Psychology Workforce Training Evaluation
by
Traci Sitzmann, Andrew Vancini, Shoshana Schwartz, Jayme Ratcliff, Gisella Bassani, Mohamad Saleh, Mary Lee Stansifer, Ersin Dincelli, Kwabena Kesse
  • LAST MODIFIED: 23 May 2024
  • DOI: 10.1093/obo/9780199828340-0325

Introduction

In 1959, Donald Kirkpatrick addressed the American Society of Training and Development, where he proposed a four-level model for training evaluation—reactions, learning, behavior, and results. The levels offer a practical solution for evaluating training effectiveness, providing guidance on measuring multiple metrics and ensuring that evaluation efforts contribute to business. However, Kirkpatrick’s framework has been criticized for being atheoretical, and the model’s assumptions have been disproven repeatedly over the past twenty-five years. Yet Kirkpatrick’s framework is still the most frequently cited approach for evaluating training and continues to impact research and practice. To advance the field beyond Kirkpatrick’s framework, researchers such as the authors of Sitzmann and Weinhardt 2019 (in “Approaching Evaluation from a Multilevel Perspective: A Comprehensive Analysis of the Indicators of Training Effectiveness,” cited under Attrition from Training) have proposed a more comprehensive training evaluation framework. Capturing a breadth of effectiveness indicators is essential to understanding the reasons behind ineffective training and to optimize its impact. However, it is improbable that any evaluation endeavor will encompass all possible metrics. According to Kraiger 2002 (in Decision-Based Evaluation, cited under Training Reputation), the initial step in any evaluation effort is to question the purpose of the evaluation. For instance, is the aim to determine which employees have achieved task proficiency, identify changes in learners, assess the overall organizational benefits of training, pinpoint areas for training improvement, or achieve another objective? Once the purpose is established, the training evaluation should begin by addressing the specific construct that aligns directly with that objective. For example, if the goal is to determine which employees have achieved task proficiency by the end of the training, learning assessments should be conducted to compare post-training skill levels. However, if the purpose is to understand why employees are not proficient in trained skills by the end of the course, learning should be measured over time to identify when the learning deficiency occurred. After evaluating a single outcome, this framework can be used to determine if other benefits have also been derived from the training. In the following sections, we review the indicators of training effectiveness. We first focus on training utilization, attrition from training, and training reputation. Next, we review affective outcomes: satisfaction, self-efficacy, and motivation. Subsequently, we turn to additional outcomes of training: learning, human capital, training transfer, organizational and team performance, and financial impact.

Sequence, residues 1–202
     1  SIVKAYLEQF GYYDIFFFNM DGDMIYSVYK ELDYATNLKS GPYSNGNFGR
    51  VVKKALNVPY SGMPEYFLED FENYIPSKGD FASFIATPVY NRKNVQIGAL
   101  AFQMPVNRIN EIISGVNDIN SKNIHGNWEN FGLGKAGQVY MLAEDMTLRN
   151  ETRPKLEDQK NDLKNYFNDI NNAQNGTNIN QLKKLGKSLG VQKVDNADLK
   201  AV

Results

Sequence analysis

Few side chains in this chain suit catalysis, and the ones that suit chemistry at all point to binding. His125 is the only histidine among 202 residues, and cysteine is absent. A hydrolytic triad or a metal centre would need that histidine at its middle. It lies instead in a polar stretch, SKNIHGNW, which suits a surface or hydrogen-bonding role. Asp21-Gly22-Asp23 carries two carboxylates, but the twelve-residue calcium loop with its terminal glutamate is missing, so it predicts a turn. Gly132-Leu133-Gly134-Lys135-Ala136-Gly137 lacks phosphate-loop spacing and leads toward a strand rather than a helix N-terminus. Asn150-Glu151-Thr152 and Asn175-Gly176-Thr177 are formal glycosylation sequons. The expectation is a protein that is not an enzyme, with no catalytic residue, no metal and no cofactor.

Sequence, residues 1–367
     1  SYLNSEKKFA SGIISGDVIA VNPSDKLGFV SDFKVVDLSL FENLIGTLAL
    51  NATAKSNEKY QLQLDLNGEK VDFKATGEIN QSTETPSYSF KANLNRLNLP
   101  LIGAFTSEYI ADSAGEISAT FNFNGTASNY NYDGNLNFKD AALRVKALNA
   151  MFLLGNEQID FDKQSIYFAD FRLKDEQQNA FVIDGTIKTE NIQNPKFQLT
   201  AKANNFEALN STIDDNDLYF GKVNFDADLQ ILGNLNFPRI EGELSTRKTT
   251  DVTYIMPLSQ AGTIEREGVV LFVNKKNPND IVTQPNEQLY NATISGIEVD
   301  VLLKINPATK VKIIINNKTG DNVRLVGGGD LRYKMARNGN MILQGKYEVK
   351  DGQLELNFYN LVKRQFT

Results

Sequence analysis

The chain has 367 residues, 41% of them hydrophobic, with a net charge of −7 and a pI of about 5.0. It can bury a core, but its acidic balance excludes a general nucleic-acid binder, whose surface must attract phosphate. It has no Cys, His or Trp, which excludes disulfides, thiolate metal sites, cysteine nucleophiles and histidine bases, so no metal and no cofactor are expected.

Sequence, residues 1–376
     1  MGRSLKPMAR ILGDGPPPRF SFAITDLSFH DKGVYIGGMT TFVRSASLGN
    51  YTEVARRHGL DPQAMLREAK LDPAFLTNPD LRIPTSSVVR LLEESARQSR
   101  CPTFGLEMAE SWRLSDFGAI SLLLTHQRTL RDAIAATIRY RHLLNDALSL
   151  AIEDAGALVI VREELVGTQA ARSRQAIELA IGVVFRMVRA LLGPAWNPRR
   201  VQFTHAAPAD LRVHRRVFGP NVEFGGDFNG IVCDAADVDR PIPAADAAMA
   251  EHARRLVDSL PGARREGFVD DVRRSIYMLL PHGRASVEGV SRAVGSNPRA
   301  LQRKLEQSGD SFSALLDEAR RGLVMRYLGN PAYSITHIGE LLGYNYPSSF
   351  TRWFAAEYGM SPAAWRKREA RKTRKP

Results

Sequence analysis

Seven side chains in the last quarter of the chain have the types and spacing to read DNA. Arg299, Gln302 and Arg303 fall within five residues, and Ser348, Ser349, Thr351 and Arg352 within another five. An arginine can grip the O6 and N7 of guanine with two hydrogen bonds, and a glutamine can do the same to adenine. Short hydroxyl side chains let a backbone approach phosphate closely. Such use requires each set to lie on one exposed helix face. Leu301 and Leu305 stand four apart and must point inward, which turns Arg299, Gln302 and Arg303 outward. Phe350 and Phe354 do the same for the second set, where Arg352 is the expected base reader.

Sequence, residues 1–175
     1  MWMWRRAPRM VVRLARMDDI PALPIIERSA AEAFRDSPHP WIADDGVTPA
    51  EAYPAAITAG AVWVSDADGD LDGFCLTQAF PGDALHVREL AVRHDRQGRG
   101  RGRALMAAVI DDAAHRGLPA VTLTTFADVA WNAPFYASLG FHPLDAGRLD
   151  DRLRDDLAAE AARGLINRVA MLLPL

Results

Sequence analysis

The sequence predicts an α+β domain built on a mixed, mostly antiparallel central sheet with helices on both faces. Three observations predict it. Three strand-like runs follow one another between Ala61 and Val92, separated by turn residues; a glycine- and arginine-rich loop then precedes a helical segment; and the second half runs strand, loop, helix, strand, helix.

Training Utilization